What is Aikido?

Aikido is a Japanese martial art developed by Morihei Ueshiba as a synthesis of his martial studies, philosophy, and religious beliefs. Aikido is often translated as "the Way of unifying (with) life energy"or as "the Way of harmonious spirit." Ueshiba's goal was to create an art that practitioners could use to defend themselves while also protecting their attacker from injury.

Aikido is performed by blending with the motion of the attacker and redirecting the force of the attack rather than opposing it head-on. This requires very little physical strength, as the aikidōka (aikido practitioner) "leads" the attacker's momentum using entering and turning movements. The techniques are completed with various throws or joint locks.

Ueshiba's senior students have different approaches to aikido, depending partly on when they studied with him. Today aikido is found all over the world in a number of styles, with broad ranges of interpretation and emphasis. However, they all share techniques learned from Ueshiba and most have concern for the well-being of the attacker.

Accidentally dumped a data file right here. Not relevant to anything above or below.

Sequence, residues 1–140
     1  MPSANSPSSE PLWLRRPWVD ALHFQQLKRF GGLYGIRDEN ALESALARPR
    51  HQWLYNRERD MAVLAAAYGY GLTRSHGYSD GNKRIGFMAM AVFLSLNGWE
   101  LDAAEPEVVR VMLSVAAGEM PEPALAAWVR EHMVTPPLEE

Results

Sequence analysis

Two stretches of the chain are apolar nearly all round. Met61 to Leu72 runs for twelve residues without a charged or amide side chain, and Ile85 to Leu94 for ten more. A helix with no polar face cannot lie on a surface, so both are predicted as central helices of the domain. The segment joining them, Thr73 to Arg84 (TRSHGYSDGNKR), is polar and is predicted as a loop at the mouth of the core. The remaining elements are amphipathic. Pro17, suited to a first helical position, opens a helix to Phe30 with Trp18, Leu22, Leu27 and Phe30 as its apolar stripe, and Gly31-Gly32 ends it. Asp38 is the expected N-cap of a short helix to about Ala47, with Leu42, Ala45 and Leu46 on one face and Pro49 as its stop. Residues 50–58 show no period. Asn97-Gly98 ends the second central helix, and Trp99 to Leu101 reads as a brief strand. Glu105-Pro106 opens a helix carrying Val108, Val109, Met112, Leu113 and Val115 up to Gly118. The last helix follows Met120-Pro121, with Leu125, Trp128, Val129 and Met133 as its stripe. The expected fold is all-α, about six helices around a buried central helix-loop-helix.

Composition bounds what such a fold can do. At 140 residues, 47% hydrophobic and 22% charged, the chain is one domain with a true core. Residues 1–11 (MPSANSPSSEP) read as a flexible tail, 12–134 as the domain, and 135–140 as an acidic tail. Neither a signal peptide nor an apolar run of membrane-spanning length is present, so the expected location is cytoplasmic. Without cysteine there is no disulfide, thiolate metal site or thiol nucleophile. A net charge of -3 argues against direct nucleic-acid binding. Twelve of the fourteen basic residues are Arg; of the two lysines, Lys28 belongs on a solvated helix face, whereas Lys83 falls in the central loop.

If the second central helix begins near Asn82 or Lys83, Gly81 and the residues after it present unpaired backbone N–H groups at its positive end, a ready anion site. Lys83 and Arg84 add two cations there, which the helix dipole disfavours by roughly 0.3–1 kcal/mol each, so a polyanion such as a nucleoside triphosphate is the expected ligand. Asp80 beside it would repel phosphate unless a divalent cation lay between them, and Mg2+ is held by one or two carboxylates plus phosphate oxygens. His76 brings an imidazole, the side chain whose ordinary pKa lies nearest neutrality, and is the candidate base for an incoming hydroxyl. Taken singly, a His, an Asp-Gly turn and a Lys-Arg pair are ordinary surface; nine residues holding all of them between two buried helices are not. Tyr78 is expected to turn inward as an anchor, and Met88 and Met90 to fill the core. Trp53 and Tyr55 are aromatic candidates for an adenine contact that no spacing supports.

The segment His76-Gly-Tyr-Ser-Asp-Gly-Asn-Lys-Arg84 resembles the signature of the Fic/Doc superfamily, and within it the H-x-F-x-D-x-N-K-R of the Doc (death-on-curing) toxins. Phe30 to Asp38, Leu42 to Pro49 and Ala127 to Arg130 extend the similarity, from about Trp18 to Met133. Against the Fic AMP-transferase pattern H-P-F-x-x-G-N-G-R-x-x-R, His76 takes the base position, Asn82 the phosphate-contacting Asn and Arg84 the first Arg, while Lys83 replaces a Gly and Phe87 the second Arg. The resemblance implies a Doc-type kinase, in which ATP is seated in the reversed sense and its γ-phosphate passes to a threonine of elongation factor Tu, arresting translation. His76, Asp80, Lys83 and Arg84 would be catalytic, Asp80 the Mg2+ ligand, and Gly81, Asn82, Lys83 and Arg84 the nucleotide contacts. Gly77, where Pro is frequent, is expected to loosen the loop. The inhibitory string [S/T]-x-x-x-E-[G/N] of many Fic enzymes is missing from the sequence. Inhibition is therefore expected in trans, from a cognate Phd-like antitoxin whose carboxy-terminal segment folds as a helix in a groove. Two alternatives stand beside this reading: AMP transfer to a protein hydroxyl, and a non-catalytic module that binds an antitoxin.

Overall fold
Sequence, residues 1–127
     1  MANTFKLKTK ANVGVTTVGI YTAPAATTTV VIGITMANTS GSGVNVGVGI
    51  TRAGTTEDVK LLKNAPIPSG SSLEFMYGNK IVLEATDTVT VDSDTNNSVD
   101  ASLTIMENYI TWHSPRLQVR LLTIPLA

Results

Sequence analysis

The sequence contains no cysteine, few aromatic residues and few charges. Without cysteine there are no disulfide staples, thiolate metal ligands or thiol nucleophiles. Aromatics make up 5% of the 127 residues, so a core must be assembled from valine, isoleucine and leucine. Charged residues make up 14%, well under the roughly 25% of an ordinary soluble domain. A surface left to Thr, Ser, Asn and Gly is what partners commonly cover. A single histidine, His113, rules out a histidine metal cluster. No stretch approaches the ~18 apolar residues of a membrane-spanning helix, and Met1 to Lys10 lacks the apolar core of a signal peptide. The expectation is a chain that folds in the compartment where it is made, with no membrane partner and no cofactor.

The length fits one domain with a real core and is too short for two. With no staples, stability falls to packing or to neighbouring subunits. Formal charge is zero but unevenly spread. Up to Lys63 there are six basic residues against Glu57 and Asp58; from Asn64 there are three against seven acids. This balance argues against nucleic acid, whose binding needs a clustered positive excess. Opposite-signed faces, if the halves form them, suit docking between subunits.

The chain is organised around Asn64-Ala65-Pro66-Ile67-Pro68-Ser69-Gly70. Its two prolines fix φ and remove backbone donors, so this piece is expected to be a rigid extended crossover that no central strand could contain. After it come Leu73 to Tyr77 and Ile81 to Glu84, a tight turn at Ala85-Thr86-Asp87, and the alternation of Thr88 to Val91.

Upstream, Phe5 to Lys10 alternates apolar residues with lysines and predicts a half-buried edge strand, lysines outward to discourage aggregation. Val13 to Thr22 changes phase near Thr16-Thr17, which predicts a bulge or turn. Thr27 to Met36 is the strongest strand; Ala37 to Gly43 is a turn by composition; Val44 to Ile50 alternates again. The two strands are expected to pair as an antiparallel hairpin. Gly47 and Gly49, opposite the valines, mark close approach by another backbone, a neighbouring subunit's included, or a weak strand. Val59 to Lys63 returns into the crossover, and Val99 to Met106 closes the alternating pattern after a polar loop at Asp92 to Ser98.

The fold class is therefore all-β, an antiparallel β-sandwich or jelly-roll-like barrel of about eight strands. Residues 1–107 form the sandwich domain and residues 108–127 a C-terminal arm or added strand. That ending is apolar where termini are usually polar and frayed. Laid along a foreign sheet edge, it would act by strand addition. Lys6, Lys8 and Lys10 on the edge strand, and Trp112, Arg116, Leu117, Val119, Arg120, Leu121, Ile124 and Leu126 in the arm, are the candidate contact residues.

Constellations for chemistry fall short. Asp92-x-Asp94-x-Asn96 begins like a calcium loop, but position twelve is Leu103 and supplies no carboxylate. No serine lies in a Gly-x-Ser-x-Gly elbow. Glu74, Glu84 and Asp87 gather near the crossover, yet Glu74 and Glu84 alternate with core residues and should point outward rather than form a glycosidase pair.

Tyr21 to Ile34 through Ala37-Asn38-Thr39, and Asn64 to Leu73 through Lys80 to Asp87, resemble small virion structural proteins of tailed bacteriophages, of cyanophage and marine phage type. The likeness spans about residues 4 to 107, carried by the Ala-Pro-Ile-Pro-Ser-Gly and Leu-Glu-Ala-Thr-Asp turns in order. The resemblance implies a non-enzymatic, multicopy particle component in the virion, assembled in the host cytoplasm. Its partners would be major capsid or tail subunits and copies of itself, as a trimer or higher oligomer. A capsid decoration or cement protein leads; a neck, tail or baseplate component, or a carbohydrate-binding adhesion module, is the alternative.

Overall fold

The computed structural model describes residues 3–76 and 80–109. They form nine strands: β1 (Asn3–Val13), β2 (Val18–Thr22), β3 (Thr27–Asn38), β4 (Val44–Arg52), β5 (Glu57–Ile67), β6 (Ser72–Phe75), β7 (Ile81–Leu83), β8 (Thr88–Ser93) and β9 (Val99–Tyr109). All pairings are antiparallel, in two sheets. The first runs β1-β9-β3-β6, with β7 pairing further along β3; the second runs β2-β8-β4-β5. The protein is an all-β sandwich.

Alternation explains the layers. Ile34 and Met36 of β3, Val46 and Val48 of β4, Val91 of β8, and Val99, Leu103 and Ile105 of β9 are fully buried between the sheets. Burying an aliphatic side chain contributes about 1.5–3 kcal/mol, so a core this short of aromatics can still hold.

Aikikai Aikido

The Aikikai Foundation is the original aikido organisation. It is an incorporated entity in Japan since 1940. It is headed by the doshu, the living successor of the founder of aikido. 

The Aikikai Foundation operates the Hombu dojo, which is also named Aikido World Headquarters. It is sometimes called the Aikikai Hombu to distinguish it from the headquarters of later aikido organisations. It is located in Tokyo. The term "Hombu" may sometimes be used loosely to refer to the upper echelons of instructors at Hombu dojo, or to the Aikikai Foundation itself.